• Oh PLULEEZ….”the reporter had some valid sounding rebuttles. Every fricken time someone is caught red handed nowadays….there are imbeciles who, even with solid proof, come up with this crap. Records are records….fact are facts…it is YOU people who are respondsible for the mess we’re in today….sickening disgusting agendas from perverted minds….you have no place in the world, and our system needs to create new laws against thwarting progress and advancement of the world’s safety and health related issues….just like there had to be new laws made against cyber crime.
    The fact is, is that the Tesla car does at least 90% of what Musk claims….in hundreds of tests….and the media, contorts reality whenever it wants, whether from bribery, agenda, or simply just because they can.
    I think the auto industry, at least the companies who mfg electrics, should form a class action slander suit against the Times.

    • 1- where are you getting this quote: “the reporter had some valid sounding rebuttles.”

      2- i completely agree with you. facts are facts. and this kind of dishonesty deserves legal action.

    • Bob_Wallace

      Come on Stan. Broder broke the rules he agreed to. Broder lied.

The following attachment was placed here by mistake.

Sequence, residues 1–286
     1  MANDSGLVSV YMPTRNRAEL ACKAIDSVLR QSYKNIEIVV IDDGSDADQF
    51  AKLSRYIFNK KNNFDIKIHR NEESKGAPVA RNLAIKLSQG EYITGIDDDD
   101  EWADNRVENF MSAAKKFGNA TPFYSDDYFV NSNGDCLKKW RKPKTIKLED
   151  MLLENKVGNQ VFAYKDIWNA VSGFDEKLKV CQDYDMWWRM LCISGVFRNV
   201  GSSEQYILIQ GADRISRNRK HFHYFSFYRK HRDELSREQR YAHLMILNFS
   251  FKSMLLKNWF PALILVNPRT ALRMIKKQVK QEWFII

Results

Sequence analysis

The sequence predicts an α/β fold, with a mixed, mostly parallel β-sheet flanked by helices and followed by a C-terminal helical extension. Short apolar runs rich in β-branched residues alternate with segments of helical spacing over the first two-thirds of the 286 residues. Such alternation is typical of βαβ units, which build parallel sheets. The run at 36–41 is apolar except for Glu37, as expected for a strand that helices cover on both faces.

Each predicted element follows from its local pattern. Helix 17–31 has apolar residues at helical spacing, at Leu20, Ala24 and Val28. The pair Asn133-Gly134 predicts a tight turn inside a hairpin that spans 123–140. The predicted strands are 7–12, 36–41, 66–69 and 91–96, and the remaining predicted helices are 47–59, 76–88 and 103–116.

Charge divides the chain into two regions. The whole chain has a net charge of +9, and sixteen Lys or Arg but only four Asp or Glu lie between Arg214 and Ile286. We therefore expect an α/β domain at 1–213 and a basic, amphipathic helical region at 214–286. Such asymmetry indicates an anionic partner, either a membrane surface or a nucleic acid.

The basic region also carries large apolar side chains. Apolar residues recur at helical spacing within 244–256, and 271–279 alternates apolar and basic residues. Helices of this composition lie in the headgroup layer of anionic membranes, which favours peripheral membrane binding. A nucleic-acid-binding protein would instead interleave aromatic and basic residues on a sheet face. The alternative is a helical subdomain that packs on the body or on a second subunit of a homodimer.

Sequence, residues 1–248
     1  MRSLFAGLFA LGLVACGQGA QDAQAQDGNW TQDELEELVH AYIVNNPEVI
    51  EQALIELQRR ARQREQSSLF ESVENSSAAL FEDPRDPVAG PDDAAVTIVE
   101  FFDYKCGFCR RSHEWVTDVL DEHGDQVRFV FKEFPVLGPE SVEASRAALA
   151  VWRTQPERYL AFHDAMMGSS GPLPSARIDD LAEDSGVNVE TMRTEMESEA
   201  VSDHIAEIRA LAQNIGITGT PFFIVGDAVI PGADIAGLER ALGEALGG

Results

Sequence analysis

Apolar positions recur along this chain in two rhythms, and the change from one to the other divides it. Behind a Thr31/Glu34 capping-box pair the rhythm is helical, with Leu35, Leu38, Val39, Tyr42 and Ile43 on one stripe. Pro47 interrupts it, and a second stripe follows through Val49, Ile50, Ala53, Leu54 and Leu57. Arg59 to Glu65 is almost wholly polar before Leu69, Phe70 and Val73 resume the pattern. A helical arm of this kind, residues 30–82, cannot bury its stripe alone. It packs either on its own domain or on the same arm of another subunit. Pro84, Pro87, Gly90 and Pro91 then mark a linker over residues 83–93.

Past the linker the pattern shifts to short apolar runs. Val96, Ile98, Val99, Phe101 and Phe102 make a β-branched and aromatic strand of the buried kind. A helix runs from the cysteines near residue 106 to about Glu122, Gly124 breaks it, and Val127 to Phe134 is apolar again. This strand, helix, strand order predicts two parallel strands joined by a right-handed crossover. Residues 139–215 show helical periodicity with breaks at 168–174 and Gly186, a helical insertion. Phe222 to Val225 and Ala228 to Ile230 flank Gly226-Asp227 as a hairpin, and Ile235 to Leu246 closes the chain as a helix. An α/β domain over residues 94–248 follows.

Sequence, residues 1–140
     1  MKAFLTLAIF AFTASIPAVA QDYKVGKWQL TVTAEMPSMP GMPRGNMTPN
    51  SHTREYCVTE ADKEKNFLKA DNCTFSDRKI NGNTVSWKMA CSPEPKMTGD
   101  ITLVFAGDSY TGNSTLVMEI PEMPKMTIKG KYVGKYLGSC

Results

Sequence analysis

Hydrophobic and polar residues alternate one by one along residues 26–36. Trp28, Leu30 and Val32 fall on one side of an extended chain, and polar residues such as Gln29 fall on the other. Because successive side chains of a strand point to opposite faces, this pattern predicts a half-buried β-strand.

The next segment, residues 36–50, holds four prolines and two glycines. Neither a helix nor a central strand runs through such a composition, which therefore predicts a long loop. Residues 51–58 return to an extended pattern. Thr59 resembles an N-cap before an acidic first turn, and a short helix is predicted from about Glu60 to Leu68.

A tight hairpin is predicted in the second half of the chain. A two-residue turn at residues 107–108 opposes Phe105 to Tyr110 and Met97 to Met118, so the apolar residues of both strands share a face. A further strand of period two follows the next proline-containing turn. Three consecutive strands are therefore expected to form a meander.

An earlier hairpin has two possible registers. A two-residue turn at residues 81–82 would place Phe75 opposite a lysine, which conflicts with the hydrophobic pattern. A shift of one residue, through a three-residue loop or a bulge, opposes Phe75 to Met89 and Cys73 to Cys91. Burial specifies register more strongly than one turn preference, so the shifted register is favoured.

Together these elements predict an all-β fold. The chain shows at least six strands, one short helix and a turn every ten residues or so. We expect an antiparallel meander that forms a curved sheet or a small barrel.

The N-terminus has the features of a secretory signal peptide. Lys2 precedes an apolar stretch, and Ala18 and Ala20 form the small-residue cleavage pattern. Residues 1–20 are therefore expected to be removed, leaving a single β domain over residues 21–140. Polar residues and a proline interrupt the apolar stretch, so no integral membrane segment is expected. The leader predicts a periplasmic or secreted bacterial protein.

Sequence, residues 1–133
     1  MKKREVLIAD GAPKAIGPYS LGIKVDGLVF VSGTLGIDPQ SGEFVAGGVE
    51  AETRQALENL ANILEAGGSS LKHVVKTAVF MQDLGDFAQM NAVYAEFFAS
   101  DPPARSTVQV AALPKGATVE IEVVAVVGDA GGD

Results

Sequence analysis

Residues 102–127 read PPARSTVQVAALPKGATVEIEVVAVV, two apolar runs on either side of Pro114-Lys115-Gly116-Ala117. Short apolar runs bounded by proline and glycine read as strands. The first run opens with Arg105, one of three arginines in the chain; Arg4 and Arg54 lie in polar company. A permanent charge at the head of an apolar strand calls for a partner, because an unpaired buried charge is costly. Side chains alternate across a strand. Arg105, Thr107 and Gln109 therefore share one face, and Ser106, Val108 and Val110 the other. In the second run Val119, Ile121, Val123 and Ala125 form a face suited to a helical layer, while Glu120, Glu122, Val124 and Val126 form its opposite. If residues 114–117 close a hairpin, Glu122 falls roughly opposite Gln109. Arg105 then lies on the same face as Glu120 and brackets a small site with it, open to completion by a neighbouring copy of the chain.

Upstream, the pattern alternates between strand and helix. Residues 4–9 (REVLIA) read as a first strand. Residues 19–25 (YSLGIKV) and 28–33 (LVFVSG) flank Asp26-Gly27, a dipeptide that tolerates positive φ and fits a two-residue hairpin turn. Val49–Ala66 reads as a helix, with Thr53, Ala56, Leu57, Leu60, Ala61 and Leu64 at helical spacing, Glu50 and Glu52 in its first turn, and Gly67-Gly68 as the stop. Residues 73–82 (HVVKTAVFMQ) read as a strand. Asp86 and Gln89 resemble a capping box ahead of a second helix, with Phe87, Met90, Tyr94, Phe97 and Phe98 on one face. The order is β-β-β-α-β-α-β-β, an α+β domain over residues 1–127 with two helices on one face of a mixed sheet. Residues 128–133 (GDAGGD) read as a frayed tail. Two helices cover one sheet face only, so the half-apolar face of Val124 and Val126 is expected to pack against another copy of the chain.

It’s just that simple.

      Broder tried to generate a story by lying. The facts are posted at the top of this page. The guy should get fired and never work in the news business again. If the NYT does not fire him soon and publish a very large apology to Tesla then they should be hit with a massive damage suit.

      • I think that’s what Stan was saying, but the sentences could definitely be clearer and a little tightened up. 😀

  • Altair IV

    I’m not going to immediately side with either party on this one. I haven’t had a chance to read the original article yet, but Broder has posted a rebuttal to Musk’s claims, and a lot of his counter-explanations do seem rather reasonable.

    In the end though, you shouldn’t depend on a single test-drive like this to evaluate the true performance of the car. While “hit pieces” aren’t uncommon, it’s also well known that technology promoters tend to exaggerate the performance of their products. We need to look at the overall pattern of good vs. bad reviews to get a better idea of the average experience.

    I do agree with Ross Chandler’s post above though that the current result does demonstrate that the can can handle quite a bit of adversity.

    • Mark Phillips